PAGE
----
Good Question! To my knowledge there about 10 known companies working on ARM based Micro servers, I guess most likely performance per watt will be very close among all, it will be a tough market unless there is a key feature differentiation!
I'm happy to see Freescale adopting the ARM ISA. One of the best outcomes would be to see Freescale merging some of their more valuable "legacy" IP with the newer architectures. IMHO one of their best features was the Time Processor Unit (TPU) which was available on the ColdFire processors and was also brought into the PowerPC uCs. If you've ever tried to write and support a complex application using the generic ARM timer you'd understand how much code development it really takes. If Freescale decides to start designing ARM uCs (and especially in it intends to de-emphasize PowerPC for these applications) it needs to seriously consider integrating TPUs into such an architecture, both for new designs and to support legacy code bases to give them a reasonable "upgrade" path.
Every ARM 50 licensee would have their eyes on this market. Other than AMD all the existing licensees have been embedded players so they are most likely intent on retaining or expanding their market share there. The server market is a huge lucrative space that they can target if that does take off so it appears to be a low risk approach.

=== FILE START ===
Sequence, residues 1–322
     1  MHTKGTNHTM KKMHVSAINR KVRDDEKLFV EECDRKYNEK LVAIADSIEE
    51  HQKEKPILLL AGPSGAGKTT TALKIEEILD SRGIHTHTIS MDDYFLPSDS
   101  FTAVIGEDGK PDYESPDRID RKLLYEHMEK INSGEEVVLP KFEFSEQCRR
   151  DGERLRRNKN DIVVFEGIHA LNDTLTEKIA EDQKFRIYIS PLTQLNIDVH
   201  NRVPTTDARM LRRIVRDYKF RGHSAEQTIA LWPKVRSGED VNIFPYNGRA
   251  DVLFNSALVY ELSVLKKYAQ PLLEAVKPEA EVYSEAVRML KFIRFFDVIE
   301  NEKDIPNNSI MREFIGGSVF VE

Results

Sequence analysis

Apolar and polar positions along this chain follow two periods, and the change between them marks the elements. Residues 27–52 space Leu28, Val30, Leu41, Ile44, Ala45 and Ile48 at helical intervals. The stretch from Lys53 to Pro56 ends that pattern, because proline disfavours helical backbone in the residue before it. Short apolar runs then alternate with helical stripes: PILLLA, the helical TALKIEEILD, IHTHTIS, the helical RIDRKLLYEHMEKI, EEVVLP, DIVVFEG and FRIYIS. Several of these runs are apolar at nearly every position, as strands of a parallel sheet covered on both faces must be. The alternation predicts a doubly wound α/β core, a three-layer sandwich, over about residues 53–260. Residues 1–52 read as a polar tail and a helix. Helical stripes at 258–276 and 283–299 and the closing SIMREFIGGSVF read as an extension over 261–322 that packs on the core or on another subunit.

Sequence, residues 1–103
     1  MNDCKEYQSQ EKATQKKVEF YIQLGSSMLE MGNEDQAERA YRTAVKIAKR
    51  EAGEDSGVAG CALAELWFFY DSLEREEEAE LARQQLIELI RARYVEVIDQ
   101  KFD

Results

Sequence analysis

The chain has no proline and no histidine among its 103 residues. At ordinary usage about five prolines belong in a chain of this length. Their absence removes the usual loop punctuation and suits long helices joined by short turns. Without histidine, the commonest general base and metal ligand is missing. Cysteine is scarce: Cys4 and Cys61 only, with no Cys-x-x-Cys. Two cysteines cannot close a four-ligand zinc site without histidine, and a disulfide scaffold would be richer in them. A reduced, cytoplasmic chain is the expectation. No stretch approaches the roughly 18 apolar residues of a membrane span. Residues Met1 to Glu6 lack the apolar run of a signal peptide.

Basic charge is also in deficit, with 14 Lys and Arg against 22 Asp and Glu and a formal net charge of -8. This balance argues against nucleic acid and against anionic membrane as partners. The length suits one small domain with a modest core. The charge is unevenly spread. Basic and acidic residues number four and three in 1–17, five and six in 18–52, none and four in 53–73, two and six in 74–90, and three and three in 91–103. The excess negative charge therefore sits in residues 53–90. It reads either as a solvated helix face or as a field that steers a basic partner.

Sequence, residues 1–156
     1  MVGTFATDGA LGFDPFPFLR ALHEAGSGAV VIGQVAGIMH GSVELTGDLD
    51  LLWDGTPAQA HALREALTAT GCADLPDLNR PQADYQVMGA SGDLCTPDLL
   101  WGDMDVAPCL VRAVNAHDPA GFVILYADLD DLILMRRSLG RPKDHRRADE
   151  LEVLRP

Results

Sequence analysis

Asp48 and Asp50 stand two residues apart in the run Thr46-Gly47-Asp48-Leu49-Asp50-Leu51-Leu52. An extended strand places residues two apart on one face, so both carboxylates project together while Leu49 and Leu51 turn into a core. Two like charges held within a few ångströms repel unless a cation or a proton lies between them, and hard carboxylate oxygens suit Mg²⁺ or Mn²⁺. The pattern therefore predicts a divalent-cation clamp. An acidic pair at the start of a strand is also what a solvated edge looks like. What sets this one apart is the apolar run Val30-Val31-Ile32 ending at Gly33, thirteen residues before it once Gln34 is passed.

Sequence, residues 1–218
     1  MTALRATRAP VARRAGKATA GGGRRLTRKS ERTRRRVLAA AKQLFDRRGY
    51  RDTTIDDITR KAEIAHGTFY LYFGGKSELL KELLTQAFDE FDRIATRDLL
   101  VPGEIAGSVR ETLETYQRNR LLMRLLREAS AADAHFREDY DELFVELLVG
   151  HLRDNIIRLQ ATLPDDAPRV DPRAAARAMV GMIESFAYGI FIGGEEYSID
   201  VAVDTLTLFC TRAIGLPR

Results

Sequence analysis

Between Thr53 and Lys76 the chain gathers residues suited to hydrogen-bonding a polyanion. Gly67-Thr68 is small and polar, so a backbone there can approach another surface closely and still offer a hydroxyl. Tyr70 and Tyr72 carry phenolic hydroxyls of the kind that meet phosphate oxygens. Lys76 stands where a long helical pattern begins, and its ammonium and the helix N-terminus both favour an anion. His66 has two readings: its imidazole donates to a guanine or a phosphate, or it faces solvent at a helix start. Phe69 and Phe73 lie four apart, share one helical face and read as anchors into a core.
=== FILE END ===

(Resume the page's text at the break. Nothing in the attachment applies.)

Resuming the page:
The question on differentiation remains. In the embedded market that is in the SoC with the special accelerators etc. In the server space it is primarily about the CPU so while there will be slightly different variations to memory interfaces etc. they will most likely look alike. Which means the only differentiation will be on price - which makes the business folks at Dell/HP salivate at higher margins....
This doesn't really come as a surprise. We can't know whether Freescale will succeed in the ARM server market, but they can't realistically stay *out* of it. There are too many markets Freescale would like to be in where ARM is the architecture of choice, and if they want a piece of that market they offer ARM cores.
What are the engineering and design challenges in creating successful IoT devices? These devices are usually small, resource-constrained electronics designed to sense, collect, send, and/or interpret data. Some of the devices need to be smart enough to act upon data in real time, 24/7. Are the design challenges the same as with embedded systems, but with a little developer- and IT-skills added in? What do engineers need to know? Rick Merritt talks with two experts about the tools and best options for designing IoT devices in 2016. Specifically the guests will discuss sensors, security, and lessons from IoT deployments.